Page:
Tag Archive | "Search"

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To folder or not to folder? That is the question.

Posted on 30 March 2009 by Andreas Vamvatsikos

Since most of us grew up in a word of DOS and Windows, our desire for folders and tree-like hierarchical structures is vast. We just make folders and subfolders to categorize information it has become … natural. Most of us do not want to let folders go, even when migrating to a new world like document management and SharePoint.

SharePoint provides the functionality to create folders within document libraries and so the most natural impulse when migrating from that dusty file server, is to just recreate the folder structure.
But to really get the most out of MOSS one must utilize metadata (custom columns). Metadata create a dynamic categorization system within document pools and allow for infinite personalization through views. Metadata use also turn search from guesswork to an intuitive task.

To be frank the folders we all use in file systems are metadata for the files they contain, just single dimensional. The “Projects” folder denotes that all documents contained in it are project related documents. Since this is not enough we rely on subfolders (client name or project type perhaps) and info in the filename (specific project name f.e.) to add more “metadata” to the document. This process that can quickly be chaotic and as the number of files grows it becomes unusable.

This can easily be alleviated by using a true metadata structure in SharePoint (two custom columns “Client” and “Type” in the ProjectFiles document library would be enough for the above example). So the document visibility is increased but also the structure can be “re-organized” (through views and filtering) without any manipulation of the documents files themselves. Teams working on the same file-set can also benefit from this approach. So the Sales department can view documents sliced per client or budget, but the IT department can view the documents per Product or Project type. Metadata is the way to keep everyone happy while at the same time avoiding multiple copies of files (and emails flying around trying to find the correct version).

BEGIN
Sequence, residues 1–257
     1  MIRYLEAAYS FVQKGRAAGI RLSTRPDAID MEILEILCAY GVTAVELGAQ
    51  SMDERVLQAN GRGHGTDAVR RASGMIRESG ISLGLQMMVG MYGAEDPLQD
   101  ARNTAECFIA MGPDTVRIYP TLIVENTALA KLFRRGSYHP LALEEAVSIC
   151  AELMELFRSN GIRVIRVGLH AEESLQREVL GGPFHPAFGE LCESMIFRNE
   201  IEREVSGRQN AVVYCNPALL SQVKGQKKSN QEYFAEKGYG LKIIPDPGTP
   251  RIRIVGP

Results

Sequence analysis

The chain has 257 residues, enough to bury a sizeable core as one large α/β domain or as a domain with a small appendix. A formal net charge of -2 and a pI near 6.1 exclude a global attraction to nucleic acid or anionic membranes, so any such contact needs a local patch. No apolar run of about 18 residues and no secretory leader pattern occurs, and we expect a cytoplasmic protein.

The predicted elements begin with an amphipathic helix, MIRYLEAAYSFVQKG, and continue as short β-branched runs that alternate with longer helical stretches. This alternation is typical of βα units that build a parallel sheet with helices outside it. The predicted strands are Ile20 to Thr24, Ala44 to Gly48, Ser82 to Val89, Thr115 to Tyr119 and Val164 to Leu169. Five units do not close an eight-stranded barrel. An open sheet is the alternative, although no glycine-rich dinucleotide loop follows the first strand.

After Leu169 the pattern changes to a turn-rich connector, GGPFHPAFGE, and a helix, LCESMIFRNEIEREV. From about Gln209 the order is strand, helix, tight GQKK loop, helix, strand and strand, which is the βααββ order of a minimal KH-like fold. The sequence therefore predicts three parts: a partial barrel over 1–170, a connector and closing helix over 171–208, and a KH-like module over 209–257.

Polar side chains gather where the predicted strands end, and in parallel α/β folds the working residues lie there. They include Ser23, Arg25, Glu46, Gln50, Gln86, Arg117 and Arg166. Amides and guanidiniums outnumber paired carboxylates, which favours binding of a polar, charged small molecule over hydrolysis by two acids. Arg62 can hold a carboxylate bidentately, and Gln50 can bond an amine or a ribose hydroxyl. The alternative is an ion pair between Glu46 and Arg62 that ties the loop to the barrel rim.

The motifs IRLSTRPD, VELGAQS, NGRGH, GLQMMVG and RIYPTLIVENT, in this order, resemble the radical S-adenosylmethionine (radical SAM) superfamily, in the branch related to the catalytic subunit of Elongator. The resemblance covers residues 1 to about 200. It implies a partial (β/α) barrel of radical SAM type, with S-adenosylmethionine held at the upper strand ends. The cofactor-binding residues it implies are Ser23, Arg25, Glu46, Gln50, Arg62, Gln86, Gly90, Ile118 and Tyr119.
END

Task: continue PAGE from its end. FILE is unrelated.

Another thing against folders is that even if they are there, they cannot be used for filtering.

Just to add a technical limitation to all the business and design ones, the maximum document url length in SharePoint is 260 chars. This can be easily reached if the existing folder structure is big or really descriptive.

So it is obvious. No folders in document libraries, just metadata. Well … there is one single detail that folders have on their side, you can define access rights on them. So if you want to reduce the number of required document libraries or you have trouble dealing with access rights maybe a single layer of folders is ok. You will have to add metadata anyway probably just to get the views your users will desire (yes you can add metadata to a folder through customization, but it is not copied automatically to the documents that are placed inside it).

To conclude, in my opinion try to avoid folders at all cost unless access rights management makes them an unavoidable necessity.

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Google goes semantic

Posted on 24 March 2009 by Andreas Vamvatsikos

Google seem to have embraced the semantic trend that has been developing over the past few years, as it has incorporated into its search engine some initial semantic functionality.

This development will enable the market leading search engine to better understand associations and concepts related to a search, expanding the accuracy of results provided by the classic keyword approach.

For example, according to the blog post announcing this new feature, the search engine, upon encountering a query such as “principles of physics,” will now be able to calculate that “angular momentum,” “special relativity,” “big bang” and “quantum mechanics” are also related terms, and offer them as alternative search suggestions at the top or bottom of the page.

Google will be using a mixture of semantic algorithms and on the fly data mining – as Ori Allon, Technical Lead of the Google Search Quality Team (and blogger) has stated earlier this year in an interview – and will not use semantic technology more broadly just yet, not wanting to decrease its famous search performance. At Google they see semantic capabilities as a part of their search algorithm and not as a full replacement for their traditional keyword analysis.

This move was expected since Google’s CEO Eric Schmidt made a short reference to it during the announcement of Google’s fourth-quarter results : “Wouldn’t it be nice, if Google understood the meaning of your phrase, rather than just the words that are in the phrase? We have made a lot of discoveries in that area that are going to roll out.”

Google was also under some pressure as many of its competitors already were working on semantic search engines to better serve users by understanding their queries and so undermining Google’s dominance of the Search Market. Microsoft acquired Powerset Inc in 2008 to gain access to the start-up vendor’s semantic search technology. Also in 2008, Yahoo announced plans to support Semantic Web standards as part of its new open search platform. Other vendors are already offering semantic capabilities in their search engines like Ask.com (or at least trying very hard to get it right).

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